The Causes and Effects of Closely-Released English Manga?

While looking in the bookstore the other day, I saw that the English version of Mousou Shoujo Otakukei (otherwise known in the US as “Fujoshi Rumi”) had its second volume out.

Then I noticed that the Japanese release of Mousou Shoujo Otaku-kei is only up to Volume 3, though obviously the story has progressed further at this point in the actual Comic High.

I wonder then, just how often is this happening nowadays? How often is the English release of a manga only 1-2 volumes off from the Japanese release? It seems like a really weird position to be in, though in many ways beneficial.

This also brings up another question: How many manga these days are being licensed within only 1-2 years of the original Japanese release? Doesn’t it seem a little too soon? Not to knock Mousou Shoujo, but it never seemed like the HOTTEST NEW THING straight from Japan, though I have to admit that it’s gotten better.

This also makes me wonder if part of the reason manga does well where anime DVDs don’t is that, in some cases, the releases aren’t that far off so people don’t miss out on too much?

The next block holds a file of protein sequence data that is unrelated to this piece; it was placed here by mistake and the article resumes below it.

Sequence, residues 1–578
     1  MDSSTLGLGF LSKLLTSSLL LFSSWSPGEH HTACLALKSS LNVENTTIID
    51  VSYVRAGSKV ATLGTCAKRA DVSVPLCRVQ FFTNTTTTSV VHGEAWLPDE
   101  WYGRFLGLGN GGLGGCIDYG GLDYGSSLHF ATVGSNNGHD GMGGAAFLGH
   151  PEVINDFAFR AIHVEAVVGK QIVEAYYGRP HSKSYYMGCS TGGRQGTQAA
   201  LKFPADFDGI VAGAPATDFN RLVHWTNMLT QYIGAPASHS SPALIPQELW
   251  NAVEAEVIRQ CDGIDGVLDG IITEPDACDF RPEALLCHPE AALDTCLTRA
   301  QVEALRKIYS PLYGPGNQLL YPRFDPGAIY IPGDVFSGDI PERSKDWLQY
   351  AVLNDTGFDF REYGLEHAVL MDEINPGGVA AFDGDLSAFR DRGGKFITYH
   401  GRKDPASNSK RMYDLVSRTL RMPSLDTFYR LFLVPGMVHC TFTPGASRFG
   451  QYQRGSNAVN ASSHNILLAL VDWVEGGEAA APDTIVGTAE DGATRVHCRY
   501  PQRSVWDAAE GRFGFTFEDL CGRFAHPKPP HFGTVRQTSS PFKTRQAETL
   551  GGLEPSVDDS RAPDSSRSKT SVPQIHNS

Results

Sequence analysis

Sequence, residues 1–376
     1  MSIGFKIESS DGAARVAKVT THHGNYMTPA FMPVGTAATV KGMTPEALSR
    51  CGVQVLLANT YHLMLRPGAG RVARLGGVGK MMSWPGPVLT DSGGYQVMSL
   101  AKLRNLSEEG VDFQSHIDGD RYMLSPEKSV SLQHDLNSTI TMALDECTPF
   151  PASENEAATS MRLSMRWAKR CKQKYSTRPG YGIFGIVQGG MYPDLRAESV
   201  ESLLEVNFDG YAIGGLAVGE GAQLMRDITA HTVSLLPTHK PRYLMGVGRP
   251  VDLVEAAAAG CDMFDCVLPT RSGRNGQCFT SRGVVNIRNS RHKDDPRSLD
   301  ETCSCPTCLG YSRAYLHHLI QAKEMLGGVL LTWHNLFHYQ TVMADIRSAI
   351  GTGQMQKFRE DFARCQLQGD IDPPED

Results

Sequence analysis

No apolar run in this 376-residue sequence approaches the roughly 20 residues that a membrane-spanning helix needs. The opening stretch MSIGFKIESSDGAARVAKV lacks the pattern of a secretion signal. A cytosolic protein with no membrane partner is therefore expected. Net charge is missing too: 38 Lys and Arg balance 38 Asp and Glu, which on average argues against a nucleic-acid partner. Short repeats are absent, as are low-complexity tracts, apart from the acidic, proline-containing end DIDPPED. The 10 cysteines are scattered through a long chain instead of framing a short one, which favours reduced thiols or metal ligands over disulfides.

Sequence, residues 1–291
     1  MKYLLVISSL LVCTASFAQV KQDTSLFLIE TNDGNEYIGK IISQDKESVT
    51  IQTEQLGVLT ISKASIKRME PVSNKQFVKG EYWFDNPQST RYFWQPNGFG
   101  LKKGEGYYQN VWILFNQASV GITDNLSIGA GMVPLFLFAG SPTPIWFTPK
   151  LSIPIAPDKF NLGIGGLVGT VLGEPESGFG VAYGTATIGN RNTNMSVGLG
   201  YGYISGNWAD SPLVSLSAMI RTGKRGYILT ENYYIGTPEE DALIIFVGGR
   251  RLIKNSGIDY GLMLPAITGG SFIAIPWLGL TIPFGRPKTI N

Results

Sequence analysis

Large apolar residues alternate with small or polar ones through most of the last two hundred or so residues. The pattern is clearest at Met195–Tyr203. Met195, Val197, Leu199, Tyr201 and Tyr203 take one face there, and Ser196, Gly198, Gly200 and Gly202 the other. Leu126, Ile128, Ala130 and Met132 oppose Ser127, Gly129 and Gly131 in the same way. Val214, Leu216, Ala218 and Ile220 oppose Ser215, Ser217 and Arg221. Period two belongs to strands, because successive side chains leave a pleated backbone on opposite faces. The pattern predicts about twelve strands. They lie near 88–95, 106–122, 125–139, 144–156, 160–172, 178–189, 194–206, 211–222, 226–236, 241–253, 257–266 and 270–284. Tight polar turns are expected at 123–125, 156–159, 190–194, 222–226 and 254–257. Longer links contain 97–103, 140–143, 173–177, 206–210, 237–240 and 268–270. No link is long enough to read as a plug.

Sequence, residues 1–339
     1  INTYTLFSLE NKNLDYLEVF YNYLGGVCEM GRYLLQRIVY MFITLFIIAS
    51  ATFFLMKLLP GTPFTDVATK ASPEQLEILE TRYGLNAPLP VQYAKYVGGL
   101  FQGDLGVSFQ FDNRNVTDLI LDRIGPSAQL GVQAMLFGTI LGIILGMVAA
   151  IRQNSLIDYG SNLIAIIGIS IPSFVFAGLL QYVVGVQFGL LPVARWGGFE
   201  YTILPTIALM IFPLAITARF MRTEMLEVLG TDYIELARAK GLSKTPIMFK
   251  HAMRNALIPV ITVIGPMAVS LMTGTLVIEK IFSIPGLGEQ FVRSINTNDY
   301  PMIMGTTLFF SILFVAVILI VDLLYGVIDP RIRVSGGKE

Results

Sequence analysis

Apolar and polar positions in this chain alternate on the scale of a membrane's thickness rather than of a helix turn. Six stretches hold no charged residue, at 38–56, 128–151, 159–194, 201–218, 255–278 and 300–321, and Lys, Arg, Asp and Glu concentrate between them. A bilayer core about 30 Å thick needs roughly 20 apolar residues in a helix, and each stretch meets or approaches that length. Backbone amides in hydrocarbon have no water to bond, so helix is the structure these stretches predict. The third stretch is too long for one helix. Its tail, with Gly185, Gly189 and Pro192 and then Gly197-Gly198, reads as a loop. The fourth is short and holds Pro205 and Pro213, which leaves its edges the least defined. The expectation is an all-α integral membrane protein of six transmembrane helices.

Actually, it’s probably because you can immediately look at a manga in the store to gauge whether or not it’s worth buying on a per volume basis, while DVDs have no such luxury, as even netflix has to be an active decision rather than just “browsing for anime.”

2 thoughts on “The Causes and Effects of Closely-Released English Manga?

  1. Also note that another advantage of manga is that you can read it anywhere e.g. on the train. Where as watching the DVD is much more limited as you need a computer or a DVD player to watch them. So manga is more portable (unless you bring a laptop with you)

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  2. Maybe it’s because they are combating against free english translated mangas on the internet because popular manga series such as naruto and bleach updates are really fast ._. maybe like a few days after the chapter was officially released in japan.

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